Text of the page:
On those dark, dank days when every dream I ever had feels long gone and lost, down the drain, stretched over the time of my life and now rendered useless, like a spring oversprung. When every wish I ever made feels mocking now, as if when I breathed the words into the candle’s flame the gentle rocking of the flame was not my breathing but actually the candle mocking me. ‘Oh really? You want this? That? Them? Really?’ Had I known this earlier in my life my birthdays would have far simpler. There would have been no hope and no excitement. Just a day like any other. Because that’s what happens when we dream, we set up certain days as important, we flag them, marking them in our head as the moment when something starts. This day will be, I say to myself, the first day in that new direction my wish has revealed to me, the new path I will take, following each day dutifully while I wait for my wish to come true. And so I trudge accordingly, not sure where I’m going but hoping that my wish will be there waiting for me when I finally arrive, no matter how long it takes. But it always takes too long. Far too long, as long as it would take to measure the circumference of the earth with the scoop of a teaspoon. Impossible. Immeasurable. Imagine trying such a Sisyphean task; it would be the stuff of legends.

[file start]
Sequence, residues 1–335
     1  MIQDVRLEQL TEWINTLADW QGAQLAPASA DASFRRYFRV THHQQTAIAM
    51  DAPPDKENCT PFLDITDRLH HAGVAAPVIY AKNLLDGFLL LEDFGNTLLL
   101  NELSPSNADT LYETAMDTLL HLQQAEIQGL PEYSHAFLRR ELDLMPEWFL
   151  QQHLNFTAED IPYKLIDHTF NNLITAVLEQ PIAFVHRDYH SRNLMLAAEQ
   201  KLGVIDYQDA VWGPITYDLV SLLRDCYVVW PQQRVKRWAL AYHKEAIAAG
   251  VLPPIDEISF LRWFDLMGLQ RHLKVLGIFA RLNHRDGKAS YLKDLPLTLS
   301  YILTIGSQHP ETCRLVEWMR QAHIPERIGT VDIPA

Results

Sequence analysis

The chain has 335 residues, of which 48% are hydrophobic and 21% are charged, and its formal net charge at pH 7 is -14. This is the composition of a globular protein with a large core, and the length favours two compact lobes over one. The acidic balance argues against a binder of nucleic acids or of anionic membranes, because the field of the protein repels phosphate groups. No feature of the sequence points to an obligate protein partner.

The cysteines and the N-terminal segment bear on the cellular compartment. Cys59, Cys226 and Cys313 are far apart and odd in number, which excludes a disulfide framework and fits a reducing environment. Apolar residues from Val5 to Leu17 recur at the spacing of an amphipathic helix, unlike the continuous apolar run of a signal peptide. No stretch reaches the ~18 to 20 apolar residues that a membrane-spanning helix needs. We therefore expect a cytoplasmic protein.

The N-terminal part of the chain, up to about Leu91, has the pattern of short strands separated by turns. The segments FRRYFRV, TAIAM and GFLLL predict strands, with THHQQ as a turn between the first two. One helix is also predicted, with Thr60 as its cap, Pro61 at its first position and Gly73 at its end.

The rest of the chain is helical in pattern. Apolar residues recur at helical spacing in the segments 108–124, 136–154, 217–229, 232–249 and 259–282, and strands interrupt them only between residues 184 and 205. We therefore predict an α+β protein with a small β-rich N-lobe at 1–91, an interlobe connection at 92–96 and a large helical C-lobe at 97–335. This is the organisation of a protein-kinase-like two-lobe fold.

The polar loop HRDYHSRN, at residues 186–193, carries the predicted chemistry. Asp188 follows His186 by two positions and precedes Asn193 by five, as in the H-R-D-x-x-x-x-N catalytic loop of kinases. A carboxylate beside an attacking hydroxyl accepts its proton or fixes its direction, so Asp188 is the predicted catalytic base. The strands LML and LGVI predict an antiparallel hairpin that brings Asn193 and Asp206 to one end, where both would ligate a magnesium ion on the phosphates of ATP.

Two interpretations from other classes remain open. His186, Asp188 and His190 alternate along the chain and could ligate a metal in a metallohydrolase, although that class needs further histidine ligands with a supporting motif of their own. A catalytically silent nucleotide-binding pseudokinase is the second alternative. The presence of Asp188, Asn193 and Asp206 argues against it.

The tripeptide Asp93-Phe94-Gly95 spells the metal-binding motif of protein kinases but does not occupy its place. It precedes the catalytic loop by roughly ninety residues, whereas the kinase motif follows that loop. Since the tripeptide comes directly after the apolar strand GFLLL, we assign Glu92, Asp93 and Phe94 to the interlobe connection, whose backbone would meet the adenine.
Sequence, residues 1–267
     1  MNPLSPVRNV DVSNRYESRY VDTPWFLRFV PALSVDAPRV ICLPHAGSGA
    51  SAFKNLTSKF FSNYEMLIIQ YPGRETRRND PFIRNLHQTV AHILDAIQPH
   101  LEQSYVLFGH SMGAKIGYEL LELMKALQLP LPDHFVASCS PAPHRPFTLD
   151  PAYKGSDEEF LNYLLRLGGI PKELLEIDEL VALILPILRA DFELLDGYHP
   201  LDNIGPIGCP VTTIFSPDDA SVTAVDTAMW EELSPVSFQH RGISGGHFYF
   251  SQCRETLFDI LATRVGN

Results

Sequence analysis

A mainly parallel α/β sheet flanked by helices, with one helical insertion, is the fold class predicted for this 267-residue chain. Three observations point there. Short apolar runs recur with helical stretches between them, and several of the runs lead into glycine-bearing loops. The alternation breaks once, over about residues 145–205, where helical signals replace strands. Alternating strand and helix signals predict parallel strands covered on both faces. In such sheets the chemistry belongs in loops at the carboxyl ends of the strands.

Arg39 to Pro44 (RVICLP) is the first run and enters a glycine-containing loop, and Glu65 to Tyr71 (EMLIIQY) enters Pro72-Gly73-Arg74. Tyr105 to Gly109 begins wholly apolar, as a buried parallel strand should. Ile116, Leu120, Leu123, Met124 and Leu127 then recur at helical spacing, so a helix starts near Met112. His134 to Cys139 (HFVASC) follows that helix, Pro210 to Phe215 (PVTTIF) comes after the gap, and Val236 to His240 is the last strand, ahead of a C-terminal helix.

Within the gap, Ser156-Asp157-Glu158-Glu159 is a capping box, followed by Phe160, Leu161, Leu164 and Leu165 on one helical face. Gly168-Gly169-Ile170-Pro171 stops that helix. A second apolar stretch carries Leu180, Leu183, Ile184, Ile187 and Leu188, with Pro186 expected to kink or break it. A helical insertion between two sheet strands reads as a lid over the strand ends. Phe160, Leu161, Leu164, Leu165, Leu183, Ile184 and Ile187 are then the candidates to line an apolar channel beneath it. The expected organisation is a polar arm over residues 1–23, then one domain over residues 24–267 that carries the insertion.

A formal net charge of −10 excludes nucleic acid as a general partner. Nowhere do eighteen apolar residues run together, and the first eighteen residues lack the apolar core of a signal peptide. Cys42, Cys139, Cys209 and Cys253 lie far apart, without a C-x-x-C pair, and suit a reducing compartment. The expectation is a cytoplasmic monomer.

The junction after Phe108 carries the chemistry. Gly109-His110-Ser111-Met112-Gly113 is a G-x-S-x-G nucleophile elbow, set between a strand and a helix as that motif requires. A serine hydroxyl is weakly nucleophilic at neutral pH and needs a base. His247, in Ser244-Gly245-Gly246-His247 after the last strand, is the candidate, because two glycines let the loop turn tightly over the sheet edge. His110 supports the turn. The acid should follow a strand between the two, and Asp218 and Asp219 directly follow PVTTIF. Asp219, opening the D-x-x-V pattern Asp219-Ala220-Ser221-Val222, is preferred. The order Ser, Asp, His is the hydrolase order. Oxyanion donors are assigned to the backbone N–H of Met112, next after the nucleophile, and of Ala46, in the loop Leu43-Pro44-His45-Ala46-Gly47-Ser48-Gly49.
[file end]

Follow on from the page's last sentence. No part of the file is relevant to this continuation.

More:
There’s a lot of energy in these words. They are highly animated. They fizz and form a chain of punctuated momentum and so the question is, what do I do with this energy? As I write today I don’t know. When I write tomorrow I won’t know. But its alright not to always know these things. They are, after all, the molecules which fuse to form our future.

Notes From the Wasteland No. 16 ‘Can punctuation really save our lives?’

When questions circle and hide their intent through subterfuge and complication, as they often do, like people, lives, events, lifetimes, and consequences, how can we really tell when one question ends and another begins? Punctuation helps, it always does. It tells us when to breathe and such instructions are crucial to our survival. So punctuation is survival, then? It has to be, otherwise these sentences would run together off the bottom fo the screen and keep flowing forth and as they do they’ll draw the very life from us because the simple matter will be that we won’t know when to take a breath and normally when we don’t know about something as mechanical as drawing breath is likely to be just before we draw our last.

Breathe. In. Out. One more. And again.